Sorry, Ira and all others - but Omer is right. I’d like to think ideally that we should wait until websites are finished to offer feedback. However, experience teaches me that it is better to get in as early as possible. This is far more respectful to the developer. Including accessibility can involve rewriting the coding for an entire website. It may be uncomfortable for you to be so vocal, but in the long run it will be better for provider and consumer to confront this issue now - financially, socially, and personally.

Comment by Ira
2008-04-18 09:18:54

did you see anyone protesting “I can haz cheeseburger” and “Graph jam” about singling out the blind? oh wait, there’s all of Youtube too.

following Omer’s logic, no technical site (ok, let’s leave entertainment aside) should have podcasts without transcriptions. there are hundreds of technical podcasts, how is this one so very different that it needs to be attacked?

Comment by TDDPirate
2008-04-18 09:43:00

The thing, which ruffled my feathers was the requirement to use sound clips in E-mail to the Web site. Not as an alternative to text, mind you, but instead of text. This requirement excludes the deaf even without the excuse of costs to make the site accessible (by transcribing the podcasts).

The nearest hamburger stand equivalent would be a business, which bans its cashiers from talking with the customers as they get orders - requiring the customers to write on paper, or punch buttons on an order board.

And I did not get started yet on the incidental benefits to the non-disabled from making Web sites accessible to the disabled (PC term being sensory challenged). In the case of podcasts in technical Web sites, the primary benefits are:
1. Ability to search, using search engines.
2. Ability to skim through if one does not have the time to listen to the full podcast.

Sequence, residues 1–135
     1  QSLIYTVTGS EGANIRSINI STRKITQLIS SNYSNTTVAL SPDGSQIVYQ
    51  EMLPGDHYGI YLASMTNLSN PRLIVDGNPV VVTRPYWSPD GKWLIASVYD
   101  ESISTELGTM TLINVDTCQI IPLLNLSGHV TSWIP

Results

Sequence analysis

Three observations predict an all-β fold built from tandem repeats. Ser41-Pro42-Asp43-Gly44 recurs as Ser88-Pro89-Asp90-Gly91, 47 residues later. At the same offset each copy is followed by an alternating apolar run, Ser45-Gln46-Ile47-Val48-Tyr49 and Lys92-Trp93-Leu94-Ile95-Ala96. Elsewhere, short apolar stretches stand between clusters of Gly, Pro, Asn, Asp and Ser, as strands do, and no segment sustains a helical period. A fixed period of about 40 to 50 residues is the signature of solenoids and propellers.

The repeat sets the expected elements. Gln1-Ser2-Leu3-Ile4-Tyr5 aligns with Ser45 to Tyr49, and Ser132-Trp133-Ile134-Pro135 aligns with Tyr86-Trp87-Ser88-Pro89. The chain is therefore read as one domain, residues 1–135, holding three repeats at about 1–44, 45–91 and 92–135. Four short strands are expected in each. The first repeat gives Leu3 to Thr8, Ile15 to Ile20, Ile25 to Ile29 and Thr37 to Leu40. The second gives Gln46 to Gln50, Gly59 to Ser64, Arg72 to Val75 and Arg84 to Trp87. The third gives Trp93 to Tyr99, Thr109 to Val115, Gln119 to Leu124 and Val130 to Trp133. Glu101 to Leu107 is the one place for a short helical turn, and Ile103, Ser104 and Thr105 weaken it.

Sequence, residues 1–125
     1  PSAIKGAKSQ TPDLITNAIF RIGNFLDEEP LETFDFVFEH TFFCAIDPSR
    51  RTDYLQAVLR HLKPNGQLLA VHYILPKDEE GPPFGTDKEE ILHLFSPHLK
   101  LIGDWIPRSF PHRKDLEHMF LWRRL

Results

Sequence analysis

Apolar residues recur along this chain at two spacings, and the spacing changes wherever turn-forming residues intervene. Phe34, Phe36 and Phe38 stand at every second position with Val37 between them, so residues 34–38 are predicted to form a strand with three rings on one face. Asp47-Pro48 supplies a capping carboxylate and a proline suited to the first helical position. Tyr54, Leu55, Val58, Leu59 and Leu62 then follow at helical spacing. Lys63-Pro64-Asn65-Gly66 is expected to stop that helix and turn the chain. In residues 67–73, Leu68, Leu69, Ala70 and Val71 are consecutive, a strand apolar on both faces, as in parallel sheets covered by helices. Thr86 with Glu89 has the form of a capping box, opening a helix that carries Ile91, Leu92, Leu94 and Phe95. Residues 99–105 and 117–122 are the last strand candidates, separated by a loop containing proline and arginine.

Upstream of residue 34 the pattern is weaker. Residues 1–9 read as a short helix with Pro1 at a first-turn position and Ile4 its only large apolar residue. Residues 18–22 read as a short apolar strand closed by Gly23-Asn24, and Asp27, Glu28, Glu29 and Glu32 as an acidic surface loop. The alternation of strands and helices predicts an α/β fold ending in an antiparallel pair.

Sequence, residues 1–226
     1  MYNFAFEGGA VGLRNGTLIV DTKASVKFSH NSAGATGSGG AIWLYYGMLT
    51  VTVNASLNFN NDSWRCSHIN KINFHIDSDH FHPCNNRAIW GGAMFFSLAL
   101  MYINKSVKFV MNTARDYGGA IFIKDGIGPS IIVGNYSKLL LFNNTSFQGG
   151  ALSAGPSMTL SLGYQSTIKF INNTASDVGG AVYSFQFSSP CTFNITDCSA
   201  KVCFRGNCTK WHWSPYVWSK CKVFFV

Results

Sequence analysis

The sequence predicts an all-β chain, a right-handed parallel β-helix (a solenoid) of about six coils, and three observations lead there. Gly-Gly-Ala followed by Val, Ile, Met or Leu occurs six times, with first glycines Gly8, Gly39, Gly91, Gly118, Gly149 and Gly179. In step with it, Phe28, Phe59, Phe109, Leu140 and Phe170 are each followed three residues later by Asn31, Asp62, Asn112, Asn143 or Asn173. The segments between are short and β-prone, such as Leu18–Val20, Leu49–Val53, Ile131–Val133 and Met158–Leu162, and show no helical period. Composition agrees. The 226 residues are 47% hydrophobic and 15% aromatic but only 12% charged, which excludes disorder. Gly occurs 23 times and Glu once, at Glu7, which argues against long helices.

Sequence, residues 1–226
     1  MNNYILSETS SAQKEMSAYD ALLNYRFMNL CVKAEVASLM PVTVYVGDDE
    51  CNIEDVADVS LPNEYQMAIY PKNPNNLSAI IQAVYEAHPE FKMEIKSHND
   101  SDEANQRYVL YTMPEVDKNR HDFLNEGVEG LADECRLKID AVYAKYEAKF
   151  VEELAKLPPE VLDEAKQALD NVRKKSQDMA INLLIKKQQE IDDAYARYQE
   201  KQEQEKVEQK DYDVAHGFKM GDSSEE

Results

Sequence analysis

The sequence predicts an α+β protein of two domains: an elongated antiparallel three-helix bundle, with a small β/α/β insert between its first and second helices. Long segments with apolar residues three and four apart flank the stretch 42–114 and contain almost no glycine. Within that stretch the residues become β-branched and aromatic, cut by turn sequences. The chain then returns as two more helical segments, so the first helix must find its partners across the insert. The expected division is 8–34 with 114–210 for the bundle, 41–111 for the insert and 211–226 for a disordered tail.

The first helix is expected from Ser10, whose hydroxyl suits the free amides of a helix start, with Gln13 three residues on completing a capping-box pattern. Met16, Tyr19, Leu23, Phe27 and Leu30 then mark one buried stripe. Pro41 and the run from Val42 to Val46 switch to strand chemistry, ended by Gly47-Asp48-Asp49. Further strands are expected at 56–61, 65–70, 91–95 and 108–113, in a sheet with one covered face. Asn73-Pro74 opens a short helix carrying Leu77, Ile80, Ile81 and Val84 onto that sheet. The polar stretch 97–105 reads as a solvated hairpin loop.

In an ideal world, technical Web sites, which offer podcasts, would provide also a Wiki to coordinate and support volunteers having the time to transcribe short bites of the podcasts (an example: Larry_Wall_-_Present_Continuous,_Future_Perfect.

Comment by Ira
2008-04-21 12:28:04

Don’t get me wrong - I agree that the requirement of recording voice is ridiculous, most people don’t have a microphone at their work computers, the output is not searchable as you said, and in general it sounds like a very awkward idea because who has time to listen to recorded advice in the replies (I listen to podcasts while driving, not when I’m trying to figure out a bit of code - what are they going to do, dictate me a syntax of an alternative command?)

The problem is not the silly website, but the way you see it as an attack on your minority. I see it as a silly overlook that will come back to bite them in their collective bottom for soooooooo many reasons other than the inability of deaf people to participate :-)

Name (required)
E-mail (required - never shown publicly)
Your Comment (smaller size | larger size)
You may use <a href="" title=""> <abbr title=""> <acronym title=""> <b> <blockquote cite=""> <code> <em> <i> <strike> <strong> in your comment.